A Misguided Designated Driver Decision

When people know that they are going out drinking it is always a good idea
to have a designated driver that is not going to drink. When a designated
driver is not available a person should opt for a cab in order to avoid
a DWI arrest.

A
California couple trying to avoid a subsequent DWI arrest or conviction used the wrong designated
driver…a 13 year old boy! The boy was able to drive for a while until
“he was freaked out” and stopped in the middle of a street.
Amazingly, there was not an accident, nor was anyone hurt. The couple
will avoid a DWI conviction, but the woman was charged
with the misdemeanor counts of child endangerment and contributing to the
delinquency of a minor. In Texas the charge of child endangerment is a
felony which is much more serious than a misdemeanor.

A DWI Client Shares Their Experience

One of my clients, that had a DWI arrest dismissed, cleared from their record had the experience published. I was given permission to post it here. Despite getting the case dismissed the urge still existed to inform the public about what it is like to be arrested for DWI in Houston, Texas.

One Sunday evening, I joined 98,000 other Texans who share a similar plight. I was arrested for DWI.

I was at a party hanging around, eating and drinking.. It was that last Shiner Bock that wrecked my life. The drive home wasn’t far, but somewhere along the way a police officer got behind me and thought I wasn’t driving “quite right”- not staying completely in my lane. He pulled me over and asked the usual questions about insurance, and he asked if I had been drinking that night. I was surprised by that question. Why would he ask that? I was driving fine. I knew that I wasn’t drunk. For some reason, the cop thought I might be. The next thing I know he has me out of my car and I am doing some tests. Incredibly to me, I am being arrested. My car is being towed, I am not given a receipt, or where it would be towed. I had to beg to be allowed to get my purse before it was towed. Suddenly, this was all starting to feel quite surreal. I cannot describe the feelings of humiliation and confused and despair as I sank into the bank seat of that dark police car, my hands locked in metal cuffs behind my back, totally alone, not having a clue what was to happen. How could this be happening to me?

Arrested? Going to Jail? Me? How could this be happening to me? I am an upstanding citizen. I am a good person. I own a home, a car, I have a college degree and a good job, I go to Church, I walk my dog, once I hammer nails for Habitat for Humanity. Doesn’t the cop see the 100 Club sticker on my rear window? How could this be happening to me?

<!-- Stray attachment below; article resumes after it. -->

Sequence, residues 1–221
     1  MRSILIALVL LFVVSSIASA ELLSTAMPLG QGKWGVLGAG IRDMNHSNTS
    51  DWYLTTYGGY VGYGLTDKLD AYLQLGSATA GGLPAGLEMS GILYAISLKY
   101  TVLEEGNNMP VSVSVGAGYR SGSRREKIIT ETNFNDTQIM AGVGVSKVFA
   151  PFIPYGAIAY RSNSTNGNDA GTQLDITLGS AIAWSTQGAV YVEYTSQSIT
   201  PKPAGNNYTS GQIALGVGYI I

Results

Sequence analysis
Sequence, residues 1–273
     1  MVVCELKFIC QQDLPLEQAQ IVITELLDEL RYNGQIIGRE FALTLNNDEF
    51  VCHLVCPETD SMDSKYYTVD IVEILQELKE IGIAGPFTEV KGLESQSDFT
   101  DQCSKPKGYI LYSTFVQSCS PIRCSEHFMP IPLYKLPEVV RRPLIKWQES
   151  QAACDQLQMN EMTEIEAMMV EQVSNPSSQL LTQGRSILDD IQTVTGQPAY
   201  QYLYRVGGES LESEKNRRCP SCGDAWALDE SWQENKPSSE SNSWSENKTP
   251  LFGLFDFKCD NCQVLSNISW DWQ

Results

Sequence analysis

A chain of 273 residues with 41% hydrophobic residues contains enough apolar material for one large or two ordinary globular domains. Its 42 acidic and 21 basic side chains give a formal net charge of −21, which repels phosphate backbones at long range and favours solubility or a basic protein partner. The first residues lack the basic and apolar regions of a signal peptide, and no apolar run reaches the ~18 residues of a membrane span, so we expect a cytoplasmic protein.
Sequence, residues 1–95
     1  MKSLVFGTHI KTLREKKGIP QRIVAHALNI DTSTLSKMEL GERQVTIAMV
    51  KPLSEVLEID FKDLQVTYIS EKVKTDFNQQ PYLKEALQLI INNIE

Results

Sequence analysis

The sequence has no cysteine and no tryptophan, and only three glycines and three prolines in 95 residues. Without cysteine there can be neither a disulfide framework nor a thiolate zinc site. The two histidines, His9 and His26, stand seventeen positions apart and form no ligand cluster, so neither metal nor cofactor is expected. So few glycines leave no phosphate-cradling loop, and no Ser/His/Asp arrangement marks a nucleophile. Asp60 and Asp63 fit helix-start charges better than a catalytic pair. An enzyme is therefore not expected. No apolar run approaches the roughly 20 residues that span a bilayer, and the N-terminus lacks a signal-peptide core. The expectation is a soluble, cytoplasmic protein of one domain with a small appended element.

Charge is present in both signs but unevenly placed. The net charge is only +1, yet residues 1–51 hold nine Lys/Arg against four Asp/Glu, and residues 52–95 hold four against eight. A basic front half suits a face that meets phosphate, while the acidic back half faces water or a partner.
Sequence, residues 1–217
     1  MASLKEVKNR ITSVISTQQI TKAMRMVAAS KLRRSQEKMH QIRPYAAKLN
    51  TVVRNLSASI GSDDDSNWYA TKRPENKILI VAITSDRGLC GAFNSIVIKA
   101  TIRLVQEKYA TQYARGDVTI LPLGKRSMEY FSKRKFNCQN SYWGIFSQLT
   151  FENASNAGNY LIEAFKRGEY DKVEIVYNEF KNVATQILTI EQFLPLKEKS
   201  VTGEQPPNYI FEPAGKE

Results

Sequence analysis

I will share more in the future…

A First Time Felony Not Eligible For Pretrial Diversion

Is a first time felony eligible for pretrial diversion? Recently, I asked an important question relating to the Harris County District Attorney’s Office Pretrial Diversion Program. I wanted to know if
a person charged with DWI with a child passenger will be eligible for the program. The answer to the question was a emphatic NO.

A person charged with this crime is typically a young mother that makes
the bad judgment of driving with their child in the vehicle while intoxicated. Also, it has been my experience that the woman has never had an arrest before the DWI.

As a DWI Attorney that practices in Houston, I do not see a difference between the woman that drives alone or with a child. The definition of DWI in Texas is that the person lost the normal use of their mental faculties. Thus, it should not come as a surprise that a person would make the mistake of driving with a child in their vehicle. If the District Attorney’s Office goal is really to assist first time offenders with a first time felony, it should include these type of individuals in the pretrial diversion program in order to help not only the mother, but more importantly the child.

What is an “RIP” Call?

One of the most frustrating things about being a Houston Criminal Attorney is having to wait for the assigned prosecutor to do their “RIP” call. What is a “RIP” call? “RIP” stands for Restitution, Injury, and Punishment. It is the Harris County District Attorney’s Office policy to refrain from making a decision on a case before they contact the alleged victim in a case.

While I understand the policy, it is frustrating for everyone involved to needlessly appear in court because the alleged victim can not be contacted. It is not uncommon for a person to attend several court settings while incarcerated, serving more time than they deserve because a police officer neglected to get the victim’s contact information.  Such neglect leads to misinformation, longer incarceration, and the chance the victim is never reachable.

Most commonly, these are misdemeanor DWI, Assault, and Criminal Mischief cases. A prosecutor should be allowed to determine the severity of the crime without the necessity of contacting the complaining witness and resolving the case in a more equitable manner. “RIP” calls should be used in more predominant cases such as murder, assault, or sex crimes. Understanding that needing witnesses or victims during a trial is necessary, for simple cases like a misdemeanor DWI or criminal mischief, an “RIP” call should not be needed for the judge, the DA, and prosecutor to determine the judgment of a case.  The judge, the trial prosecutor, the jail, and the defendant would find closure much quicker when these cases are handled appropriately.

If you need further help or information about a “RIP” call, contact The Martinez Law Firm today.